The Potential Consequences of Being Honest to Employees and How to Deal With Them

Honesty to Employees

It’s easy to say that you should be honest and transparent to your employees. You want to maintain an open communication line. However, you should understand that there are possible consequences if you’re too honest. You might hurt their feelings and the problem will escalate quickly. Here are the potential consequences of your honesty and how to deal with them.

Your employees might resign

Your employees might resign

Let’s face it. Some people have a very high ego. They won’t accept criticisms and even push back on people who gave these comments. Expect employees who are unable to process their emotions to leave the job. They might think they’re too good to stay. The best way to deal with them is by making it clear that you don’t have personal biases. Your honesty is for professional purposes only. You should also express how fair the process is, especially if everyone received the same level of honesty. If the employee still refused to accept the criticisms, this person is probably not the perfect fit anyway.

You will maintain a terrible reputation

You don’t want your employees who left the company to spread the word about how terrible you are as a boss. It could affect the prospects of hiring new people to be part of your team. You want everyone to feel welcomed, but also realize that they will always have an opportunity for growth. You should still be friendly outside the professional environment. If your employees are mature enough, they will see the value of your transparency.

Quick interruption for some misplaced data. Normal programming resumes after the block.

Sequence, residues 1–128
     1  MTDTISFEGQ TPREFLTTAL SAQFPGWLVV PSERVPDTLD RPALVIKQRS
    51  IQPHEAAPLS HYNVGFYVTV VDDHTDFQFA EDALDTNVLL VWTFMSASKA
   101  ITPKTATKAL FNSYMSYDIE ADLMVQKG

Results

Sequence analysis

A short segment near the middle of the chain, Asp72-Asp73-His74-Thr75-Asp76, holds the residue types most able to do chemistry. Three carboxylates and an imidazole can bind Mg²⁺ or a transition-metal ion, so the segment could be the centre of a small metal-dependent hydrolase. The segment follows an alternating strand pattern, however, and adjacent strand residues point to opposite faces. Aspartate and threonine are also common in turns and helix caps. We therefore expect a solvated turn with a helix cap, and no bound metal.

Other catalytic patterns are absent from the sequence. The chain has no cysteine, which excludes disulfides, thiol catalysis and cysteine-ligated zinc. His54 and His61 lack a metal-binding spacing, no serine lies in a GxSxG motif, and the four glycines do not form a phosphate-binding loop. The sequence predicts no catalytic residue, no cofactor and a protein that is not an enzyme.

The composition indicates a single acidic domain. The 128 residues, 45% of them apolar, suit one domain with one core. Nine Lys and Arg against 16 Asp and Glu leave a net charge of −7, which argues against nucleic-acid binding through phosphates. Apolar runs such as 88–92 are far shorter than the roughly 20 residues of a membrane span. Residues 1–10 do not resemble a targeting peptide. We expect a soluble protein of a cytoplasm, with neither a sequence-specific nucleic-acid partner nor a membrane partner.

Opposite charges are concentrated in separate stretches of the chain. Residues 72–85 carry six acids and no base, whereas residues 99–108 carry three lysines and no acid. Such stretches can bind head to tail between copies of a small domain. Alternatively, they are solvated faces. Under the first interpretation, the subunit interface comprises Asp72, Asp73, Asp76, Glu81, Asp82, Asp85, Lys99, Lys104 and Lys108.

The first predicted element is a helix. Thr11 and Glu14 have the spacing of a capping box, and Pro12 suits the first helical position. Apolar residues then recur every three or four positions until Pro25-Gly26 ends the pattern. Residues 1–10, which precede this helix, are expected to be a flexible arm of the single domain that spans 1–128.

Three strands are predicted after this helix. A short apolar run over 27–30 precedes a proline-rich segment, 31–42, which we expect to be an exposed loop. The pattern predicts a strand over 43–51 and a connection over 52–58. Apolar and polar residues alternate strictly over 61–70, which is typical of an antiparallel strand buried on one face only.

The turnover rate will be high

It’s a problem if your employees resign at the same time. It’s the last thing you want to happen. It can even halt the operations and adversely affect the potential profits. Therefore, you have to slow down when you see more resignations in the recent weeks. The high turnover rate also means that no one likes your style. Evaluate yourself and pursue meaningful changes.

You will be questioned

Sure, you have the right to give constructive criticisms. You can tell your employees what they did wrong and how they can do better. However, you must also realize that they will try to question your decision. They might ask you why you made such a comment. Therefore, it pays to be prepared to respond to them. Make sure you back your criticisms with data. If you have a point of comparison, it’s even better. You will also prevent the accusations that you’re unfair or you arrive at conclusions from thin air.

It’s never easy dealing with employees. You have to strike a balance between wanting them to do better and not hurting their feelings. You should also be clear that you’re coming from a good place. It’s never your intention to hurt. You want what’s best for the business and the employees. If they see your goals, they will be grateful.

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